In the nineteenth century, thousands of Chinese workers braved perilous conditions to build the railroad that linked the east and west coasts of the United States. However, the memory of their lives and their back-breaking efforts in extreme conditions faded quickly once the transcontinental rail line was completed and the Golden Spike was driven in Promontory Summit, Utah, in 1869. As most written accounts of this saga were destroyed, the history had to be painstakingly reconstructed, as this book has finally done.

Stanford University Professor Gordon H. Chang explores this forgotten yet momentous story in his new book Ghosts of Gold Mountain: The Epic Story of the Chinese Who Built the Transcontinental Railroad (Houghton Mifflin Harcourt). Professor Chang specializes in the history of America-China relations and Asian American history. He has written extensively on these topics and his many books include Fateful Ties: A History of America’s Preoccupation with China

In Ghosts of Gold Mountain, Chang vividly illuminates the journey of Chinese workers from poverty and war in China to their work building the Central Pacific Railroad from the California coast to Utah. They labored under the most extreme physical conditions imaginable; they also faced discrimination and violence in the new land. They laid rail in blistering desert heat and spent brutal winters digging and blasting tunnels in the treacherous Sierra Nevada Mountains. And they were segregated, mocked, beaten, robbed, and murdered. 

As Chang recounts this epic saga, 20,000 Chinese railroad laborers made up 90 percent of the workforce on the western link of the transcontinental railroad, the largest workforce of any private enterprise in America to that time. He estimates that more than one thousand Chinese died in this momentous effort and many more suffered severe and often disabling injuries. Exact figures will never be known because the railroad kept no records of these casualties.

In a recent interview, I asked Chang how he came write this groundbreaking history of Chinese railroad workers. He said, “I am a fourth-generation Californian and had heard about the Chinese railroad workers when I was growing up in the Oakland area.  Substantive information about them was absent from history books, and I had long wanted to address this neglect. I conducted research on them throughout my career but it wasn’t until this past decade that I was able to devote full attention to them and co-direct a project involving more than a hundred other scholars in recovering their history.”

Professor Chang found that documents created by the workers did not survive. “Many were literate but we believe their archive was destroyed because of the violence they and their relatives suffered in China and America in the 19th and 20th century. 

But the author was undeterred by the paucity of evidence from workers. He reconstructed their story through innovative research with a team of experts, reviewing diaries and letters, family memories, financial and corporate records, and other resources. “We had to read evidence in new ways and to rely on other disciplines such as archaeology that are not dependent on textual evidence. Our published work reflects this inter-disciplinary effort.”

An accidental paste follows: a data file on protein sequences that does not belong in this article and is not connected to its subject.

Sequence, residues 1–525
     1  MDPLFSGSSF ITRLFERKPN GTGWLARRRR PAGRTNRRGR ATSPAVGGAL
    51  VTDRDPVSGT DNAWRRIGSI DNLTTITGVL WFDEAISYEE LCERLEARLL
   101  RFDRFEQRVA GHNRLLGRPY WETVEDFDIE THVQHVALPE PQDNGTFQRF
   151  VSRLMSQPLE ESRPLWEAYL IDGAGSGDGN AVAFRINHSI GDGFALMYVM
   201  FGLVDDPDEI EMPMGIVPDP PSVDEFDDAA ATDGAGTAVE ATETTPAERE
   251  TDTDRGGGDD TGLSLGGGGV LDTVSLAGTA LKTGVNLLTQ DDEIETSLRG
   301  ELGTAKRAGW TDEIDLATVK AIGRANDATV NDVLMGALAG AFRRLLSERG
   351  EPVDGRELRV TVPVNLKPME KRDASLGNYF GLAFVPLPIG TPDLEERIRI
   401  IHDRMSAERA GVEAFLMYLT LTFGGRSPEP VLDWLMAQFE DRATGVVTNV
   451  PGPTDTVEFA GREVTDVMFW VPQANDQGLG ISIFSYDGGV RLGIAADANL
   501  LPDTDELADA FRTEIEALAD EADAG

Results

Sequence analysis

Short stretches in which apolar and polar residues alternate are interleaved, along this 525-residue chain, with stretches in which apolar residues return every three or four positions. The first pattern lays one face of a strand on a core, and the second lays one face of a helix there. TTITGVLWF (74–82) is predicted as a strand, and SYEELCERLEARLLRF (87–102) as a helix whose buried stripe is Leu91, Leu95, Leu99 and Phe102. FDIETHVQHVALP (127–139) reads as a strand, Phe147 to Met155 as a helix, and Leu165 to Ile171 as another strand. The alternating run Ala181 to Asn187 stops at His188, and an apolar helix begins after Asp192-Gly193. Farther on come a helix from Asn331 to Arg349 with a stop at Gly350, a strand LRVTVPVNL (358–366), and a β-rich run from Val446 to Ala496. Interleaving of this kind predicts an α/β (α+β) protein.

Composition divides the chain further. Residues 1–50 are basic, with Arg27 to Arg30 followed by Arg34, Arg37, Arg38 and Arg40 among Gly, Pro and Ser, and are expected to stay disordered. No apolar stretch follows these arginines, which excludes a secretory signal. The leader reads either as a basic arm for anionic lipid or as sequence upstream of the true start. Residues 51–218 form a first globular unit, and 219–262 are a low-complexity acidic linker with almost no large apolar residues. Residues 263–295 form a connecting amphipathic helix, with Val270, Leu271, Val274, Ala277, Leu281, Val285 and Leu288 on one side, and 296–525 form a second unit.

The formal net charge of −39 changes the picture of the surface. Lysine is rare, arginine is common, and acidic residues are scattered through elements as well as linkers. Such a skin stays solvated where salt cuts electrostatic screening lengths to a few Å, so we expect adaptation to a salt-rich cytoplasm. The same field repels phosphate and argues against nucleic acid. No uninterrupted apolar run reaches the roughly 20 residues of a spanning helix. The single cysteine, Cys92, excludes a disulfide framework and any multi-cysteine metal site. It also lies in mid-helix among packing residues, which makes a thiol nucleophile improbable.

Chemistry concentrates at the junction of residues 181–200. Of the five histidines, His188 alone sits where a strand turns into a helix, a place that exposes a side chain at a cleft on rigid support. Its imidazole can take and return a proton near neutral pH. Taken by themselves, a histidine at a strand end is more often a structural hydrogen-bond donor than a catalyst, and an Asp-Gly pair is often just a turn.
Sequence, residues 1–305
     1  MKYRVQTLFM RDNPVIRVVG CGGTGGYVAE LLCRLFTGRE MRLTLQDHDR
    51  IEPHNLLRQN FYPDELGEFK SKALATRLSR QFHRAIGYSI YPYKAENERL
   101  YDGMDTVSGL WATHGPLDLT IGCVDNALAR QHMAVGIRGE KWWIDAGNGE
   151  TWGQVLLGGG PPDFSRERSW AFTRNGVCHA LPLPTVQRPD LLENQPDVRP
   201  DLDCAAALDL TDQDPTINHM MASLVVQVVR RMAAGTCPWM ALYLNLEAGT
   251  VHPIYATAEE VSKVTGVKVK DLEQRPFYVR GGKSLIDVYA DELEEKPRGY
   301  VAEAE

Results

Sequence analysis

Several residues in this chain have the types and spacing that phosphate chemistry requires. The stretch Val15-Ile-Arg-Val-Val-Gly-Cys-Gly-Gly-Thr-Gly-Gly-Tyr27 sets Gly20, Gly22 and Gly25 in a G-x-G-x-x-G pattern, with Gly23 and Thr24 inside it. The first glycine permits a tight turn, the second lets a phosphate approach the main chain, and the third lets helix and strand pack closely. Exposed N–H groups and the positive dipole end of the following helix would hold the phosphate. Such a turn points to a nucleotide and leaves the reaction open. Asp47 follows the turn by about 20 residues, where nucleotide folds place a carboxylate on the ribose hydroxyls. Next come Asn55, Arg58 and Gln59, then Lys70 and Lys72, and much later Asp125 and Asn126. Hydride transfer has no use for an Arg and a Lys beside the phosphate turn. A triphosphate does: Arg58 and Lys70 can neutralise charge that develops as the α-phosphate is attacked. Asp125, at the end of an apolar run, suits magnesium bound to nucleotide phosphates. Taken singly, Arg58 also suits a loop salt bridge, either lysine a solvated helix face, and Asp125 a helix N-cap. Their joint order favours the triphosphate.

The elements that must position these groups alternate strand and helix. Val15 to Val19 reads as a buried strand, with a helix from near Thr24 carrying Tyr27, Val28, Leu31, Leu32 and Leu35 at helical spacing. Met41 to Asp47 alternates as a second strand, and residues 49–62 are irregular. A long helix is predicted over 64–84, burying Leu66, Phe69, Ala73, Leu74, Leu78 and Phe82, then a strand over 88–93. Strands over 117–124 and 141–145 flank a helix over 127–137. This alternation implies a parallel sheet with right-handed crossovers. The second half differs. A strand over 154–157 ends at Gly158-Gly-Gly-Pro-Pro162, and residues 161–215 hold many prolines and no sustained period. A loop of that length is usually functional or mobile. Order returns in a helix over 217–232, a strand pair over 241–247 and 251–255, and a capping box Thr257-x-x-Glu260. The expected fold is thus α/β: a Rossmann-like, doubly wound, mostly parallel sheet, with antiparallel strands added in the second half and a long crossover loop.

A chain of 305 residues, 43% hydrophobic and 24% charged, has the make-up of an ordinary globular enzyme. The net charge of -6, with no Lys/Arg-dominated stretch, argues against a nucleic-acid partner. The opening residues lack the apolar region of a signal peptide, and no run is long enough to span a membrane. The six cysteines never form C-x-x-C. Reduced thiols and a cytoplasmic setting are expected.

Most of the Chinese workers were from China’s impoverished and war-torn Pearl River delta in the Canton area. Chang explained, “The Chinese began migrating to America in the 1850s.  They came to seek opportunities, some going to the gold country with many others turning to wage work in mines and infrastructure projects.  They were not destitute or indentured.  They came because of the stories they heard about gold in California and the employment opportunities that were available.”

The Central Pacific Railroad began construction in 1862, as the Civil War raged in the East. With the war-caused shortage of white workers, the company turned to hiring Chinese, many of whom were already in California. By 1864, 90 percent of the workforce was Chinese. “They made themselves indispensable to the company,” Chang stressed. “Because of their industry and discipline, they gained the respect of the railroad barons and developed a national reputation for themselves.  After the completion of the railroad, they were hired all around the country to work on local and regional lines.”

Despite their remarkable efforts, many of the workers did not face a promising future in America. “The good work of the Chinese turned out to be used against them, as they were seen as labor competitors,” Chang recounted. “A xenophobic movement rose to drive them out of the country through violence and politics.  By 1882, Congress passed the first of what is known as the Chinese Exclusion Acts.” 

Chang estimates that one third of the Chinese workers returned to China after the transcontinental railroad was completed. He said, “Many others stayed in the US to continue to work on railroads throughout the 19th and early 20th centuries or went on to work in other occupations.  It is likely that the spread of Chinese restaurants in America was a result of the many cooks who served the workers and went on to open restaurants wherever the railroad could take them.”

Ghosts of Gold Mountain brings the forgotten history of Chinese rail workers from the margins of public memory. The book brings readers the human story of the grueling work and the suffering and pain of the Chinese in a hostile land, but it also celebrates their resilience and their triumphs. Their tireless labor provided a foundation for the nation’s enormous industrial growth in the late nineteenth century. 

Now at last, Chang said, “their accomplishments and suffering (some 1,200 may have perished in the construction effort), need to be remembered and honored.” 

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